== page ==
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Article

Consequences of Maternal Essential Fatty Acid and Conjugated Linoleic Acid Supplementation on the Development of Calf Muscle and Adipose Tissue

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Institute of Muscle Biology and Growth, Leibniz Institute for Farm Animal Biology (FBN), 18196 Dummerstorf, Germany
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Institute of Nutritional Physiology “Oskar Kellner”, Leibniz Institute for Farm Animal Biology (FBN), 18196 Dummerstorf, Germany
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Author to whom correspondence should be addressed.
Animals 2020, 10(9), 1598; https://doi.org/10.3390/ani10091598
Received: 17 August 2020 / Accepted: 3 September 2020 / Published: 8 September 2020
(This article belongs to the Section Cattle)
Cows in modern dairy production systems are fed with silage and concentrate-based diets, resulting in a low essential fatty acid and conjugated linoleic acid status in body tissues and milk. During the late pregnancy and early postnatal period, a reduced maternal fatty acid supply might negatively affect calf development. This study investigated the effects of a maternal re-substitution with essential fatty acids and conjugated linoleic acids on muscle and fat tissue development of neonatal calves. The maternally-supplemented fatty acids were found to be elevated in calf skeletal muscle and fat tissues, but no short-term effects on tissue structure were observed. Nevertheless, the possibility to change offspring fatty acid status via maternal nutrition has been confirmed that could influence offspring development and health in the long-term.
Common silage and concentrate-based diets in dairy and beef production may deliver insufficient amounts of essential fatty acids (EFA), thereby also reducing conjugated linoleic acids (CLA) in body tissues and milk. An impaired maternal EFA and CLA supply can have an important impact on calf postnatal development. The current study investigates how maternal supplementation with EFA and CLA affects muscle and adipose tissue development in neonatal calves. Holstein cows (n = 40) were abomasaly supplemented with coconut oil (control), CLA or EFA, or both combined during the transition period. Calves were fed their dam’s colostrum until slaughter at day 5 of life. Fatty acid composition and tissue morphology were analyzed. In muscle and adipose tissues, EFA, CLA, and metabolites were elevated, indicating the effective transfer of maternally-supplemented FA to the offspring. Muscle fiber types, fiber nuclei, myosin heavy chain isoform distribution, capillarization, and fat cell size of intramuscular and other adipose tissues did not differ among groups. The results confirm that maternal nutrition during the transition period can alter the FA composition of the calf tissues. This could influence the offspring’s development and health in the long-term, even though only minor effects were observed in the neonatal calves’ tissue morphology. View Full-Text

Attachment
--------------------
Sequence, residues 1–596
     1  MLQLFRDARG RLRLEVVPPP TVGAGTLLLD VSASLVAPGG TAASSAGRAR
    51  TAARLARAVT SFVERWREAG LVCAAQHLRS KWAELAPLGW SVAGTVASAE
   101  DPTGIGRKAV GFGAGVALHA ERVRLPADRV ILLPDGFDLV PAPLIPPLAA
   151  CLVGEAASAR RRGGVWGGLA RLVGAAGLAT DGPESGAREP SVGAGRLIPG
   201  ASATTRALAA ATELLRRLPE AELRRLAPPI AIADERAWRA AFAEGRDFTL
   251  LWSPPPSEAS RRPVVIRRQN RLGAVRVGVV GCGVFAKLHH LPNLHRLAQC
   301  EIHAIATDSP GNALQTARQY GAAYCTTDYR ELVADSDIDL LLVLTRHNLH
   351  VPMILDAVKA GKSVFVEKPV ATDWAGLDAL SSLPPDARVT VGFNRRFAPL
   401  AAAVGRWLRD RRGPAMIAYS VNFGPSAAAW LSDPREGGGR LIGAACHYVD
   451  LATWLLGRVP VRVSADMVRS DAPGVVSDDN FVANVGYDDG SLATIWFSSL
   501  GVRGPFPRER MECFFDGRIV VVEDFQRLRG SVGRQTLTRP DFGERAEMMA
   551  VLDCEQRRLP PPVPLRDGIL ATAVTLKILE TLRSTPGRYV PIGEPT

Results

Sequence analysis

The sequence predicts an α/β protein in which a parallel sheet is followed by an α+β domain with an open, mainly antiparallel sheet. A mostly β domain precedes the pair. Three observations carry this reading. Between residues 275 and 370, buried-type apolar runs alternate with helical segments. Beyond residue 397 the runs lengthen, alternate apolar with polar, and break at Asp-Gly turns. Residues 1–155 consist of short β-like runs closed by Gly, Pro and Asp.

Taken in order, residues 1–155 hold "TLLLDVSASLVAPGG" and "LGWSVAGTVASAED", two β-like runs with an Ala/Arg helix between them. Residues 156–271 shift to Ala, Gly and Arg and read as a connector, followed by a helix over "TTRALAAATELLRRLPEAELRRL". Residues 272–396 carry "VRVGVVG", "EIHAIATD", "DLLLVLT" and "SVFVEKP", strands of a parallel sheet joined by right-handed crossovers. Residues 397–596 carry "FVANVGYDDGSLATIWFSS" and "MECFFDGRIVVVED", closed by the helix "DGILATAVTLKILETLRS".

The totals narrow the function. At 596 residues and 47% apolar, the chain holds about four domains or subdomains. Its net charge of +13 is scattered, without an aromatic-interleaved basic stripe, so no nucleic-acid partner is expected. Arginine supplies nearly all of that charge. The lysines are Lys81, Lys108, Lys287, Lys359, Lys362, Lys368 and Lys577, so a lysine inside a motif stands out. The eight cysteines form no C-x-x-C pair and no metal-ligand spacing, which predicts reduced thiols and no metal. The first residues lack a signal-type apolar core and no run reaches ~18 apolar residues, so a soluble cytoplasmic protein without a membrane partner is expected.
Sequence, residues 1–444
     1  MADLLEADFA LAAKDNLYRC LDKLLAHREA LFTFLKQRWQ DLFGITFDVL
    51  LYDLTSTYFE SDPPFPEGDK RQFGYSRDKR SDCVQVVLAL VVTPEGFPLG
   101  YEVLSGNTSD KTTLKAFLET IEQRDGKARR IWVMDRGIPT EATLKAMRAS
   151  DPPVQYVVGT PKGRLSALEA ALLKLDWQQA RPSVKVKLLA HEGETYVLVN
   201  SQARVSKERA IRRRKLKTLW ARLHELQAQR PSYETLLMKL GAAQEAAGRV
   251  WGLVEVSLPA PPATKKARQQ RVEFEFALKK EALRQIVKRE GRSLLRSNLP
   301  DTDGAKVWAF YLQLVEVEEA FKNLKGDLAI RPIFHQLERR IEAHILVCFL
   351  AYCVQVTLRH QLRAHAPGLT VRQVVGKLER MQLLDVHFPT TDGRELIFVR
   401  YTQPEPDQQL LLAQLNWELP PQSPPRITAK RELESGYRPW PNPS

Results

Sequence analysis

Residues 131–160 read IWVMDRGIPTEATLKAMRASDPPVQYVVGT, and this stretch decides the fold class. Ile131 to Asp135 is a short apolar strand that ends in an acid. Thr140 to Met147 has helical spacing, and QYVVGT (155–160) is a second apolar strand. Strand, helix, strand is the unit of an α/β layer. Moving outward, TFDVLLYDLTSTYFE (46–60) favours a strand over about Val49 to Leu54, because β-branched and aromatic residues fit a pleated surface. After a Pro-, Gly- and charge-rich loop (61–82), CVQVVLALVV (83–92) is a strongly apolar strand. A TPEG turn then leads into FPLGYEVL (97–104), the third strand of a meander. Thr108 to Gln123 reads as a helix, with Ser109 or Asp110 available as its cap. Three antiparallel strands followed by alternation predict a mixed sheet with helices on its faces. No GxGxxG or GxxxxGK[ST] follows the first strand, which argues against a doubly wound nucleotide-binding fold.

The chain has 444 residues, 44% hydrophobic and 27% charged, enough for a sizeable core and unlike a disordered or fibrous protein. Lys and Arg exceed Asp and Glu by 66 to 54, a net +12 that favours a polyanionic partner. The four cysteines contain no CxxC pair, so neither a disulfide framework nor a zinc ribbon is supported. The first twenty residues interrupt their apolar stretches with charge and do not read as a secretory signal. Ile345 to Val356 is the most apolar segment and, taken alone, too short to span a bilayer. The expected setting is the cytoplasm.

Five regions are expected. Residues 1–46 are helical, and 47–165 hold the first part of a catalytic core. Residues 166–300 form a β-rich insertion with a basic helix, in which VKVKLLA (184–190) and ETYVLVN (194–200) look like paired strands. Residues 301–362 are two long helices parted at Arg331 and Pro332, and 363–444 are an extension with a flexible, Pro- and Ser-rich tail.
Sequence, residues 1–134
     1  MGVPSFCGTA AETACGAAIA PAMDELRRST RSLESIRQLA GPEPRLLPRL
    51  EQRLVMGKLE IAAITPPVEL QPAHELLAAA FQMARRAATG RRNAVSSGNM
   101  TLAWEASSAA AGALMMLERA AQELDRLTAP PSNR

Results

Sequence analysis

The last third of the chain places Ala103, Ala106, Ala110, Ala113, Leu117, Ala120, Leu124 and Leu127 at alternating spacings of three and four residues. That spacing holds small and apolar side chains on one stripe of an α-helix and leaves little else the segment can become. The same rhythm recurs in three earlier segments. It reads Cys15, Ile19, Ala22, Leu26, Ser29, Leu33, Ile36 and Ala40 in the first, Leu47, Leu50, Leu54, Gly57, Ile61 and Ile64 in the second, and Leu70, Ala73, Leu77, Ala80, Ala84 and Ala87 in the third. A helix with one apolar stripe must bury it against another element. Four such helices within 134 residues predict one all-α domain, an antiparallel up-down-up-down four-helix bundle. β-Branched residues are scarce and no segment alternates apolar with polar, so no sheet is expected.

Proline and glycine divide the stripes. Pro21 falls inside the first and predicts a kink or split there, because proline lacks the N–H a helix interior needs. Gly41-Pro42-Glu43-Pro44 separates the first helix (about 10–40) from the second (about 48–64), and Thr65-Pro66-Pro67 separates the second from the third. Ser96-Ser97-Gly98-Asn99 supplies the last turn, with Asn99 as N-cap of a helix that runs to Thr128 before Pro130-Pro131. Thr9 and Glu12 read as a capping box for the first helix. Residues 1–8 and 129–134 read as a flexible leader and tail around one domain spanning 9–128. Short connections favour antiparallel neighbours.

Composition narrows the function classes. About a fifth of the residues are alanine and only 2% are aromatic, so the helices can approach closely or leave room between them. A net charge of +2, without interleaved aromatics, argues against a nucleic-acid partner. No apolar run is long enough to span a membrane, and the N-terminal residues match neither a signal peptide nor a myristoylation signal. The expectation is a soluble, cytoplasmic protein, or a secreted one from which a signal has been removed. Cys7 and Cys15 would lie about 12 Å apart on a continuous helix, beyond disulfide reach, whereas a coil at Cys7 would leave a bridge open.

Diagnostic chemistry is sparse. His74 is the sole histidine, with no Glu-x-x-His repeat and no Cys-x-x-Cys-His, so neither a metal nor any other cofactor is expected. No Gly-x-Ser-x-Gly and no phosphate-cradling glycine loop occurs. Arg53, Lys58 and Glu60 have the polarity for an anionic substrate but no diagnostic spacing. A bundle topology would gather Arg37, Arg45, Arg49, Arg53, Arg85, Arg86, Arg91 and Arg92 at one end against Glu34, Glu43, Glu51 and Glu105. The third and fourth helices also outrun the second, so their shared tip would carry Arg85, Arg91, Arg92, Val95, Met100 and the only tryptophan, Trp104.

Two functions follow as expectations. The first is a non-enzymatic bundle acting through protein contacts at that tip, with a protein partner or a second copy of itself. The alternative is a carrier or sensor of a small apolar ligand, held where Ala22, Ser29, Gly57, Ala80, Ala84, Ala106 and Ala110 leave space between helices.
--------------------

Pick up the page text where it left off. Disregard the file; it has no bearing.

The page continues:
Keywords: adipocyte; gas chromatography; histology; maternal transfer; muscle structure; myosin heavy chain isoforms; PUFA adipocyte; gas chromatography; histology; maternal transfer; muscle structure; myosin heavy chain isoforms; PUFA
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MDPI and ACS Style

Dahl, N.; Albrecht, E.; Dannenberger, D.; Uken, K.L.; Hammon, H.M.; Maak, S. Consequences of Maternal Essential Fatty Acid and Conjugated Linoleic Acid Supplementation on the Development of Calf Muscle and Adipose Tissue. Animals 2020, 10, 1598. https://doi.org/10.3390/ani10091598

AMA Style

Dahl N, Albrecht E, Dannenberger D, Uken KL, Hammon HM, Maak S. Consequences of Maternal Essential Fatty Acid and Conjugated Linoleic Acid Supplementation on the Development of Calf Muscle and Adipose Tissue. Animals. 2020; 10(9):1598. https://doi.org/10.3390/ani10091598

Chicago/Turabian Style

Dahl, Nina, Elke Albrecht, Dirk Dannenberger, Katrin L. Uken, Harald M. Hammon, and Steffen Maak. 2020. "Consequences of Maternal Essential Fatty Acid and Conjugated Linoleic Acid Supplementation on the Development of Calf Muscle and Adipose Tissue" Animals 10, no. 9: 1598. https://doi.org/10.3390/ani10091598

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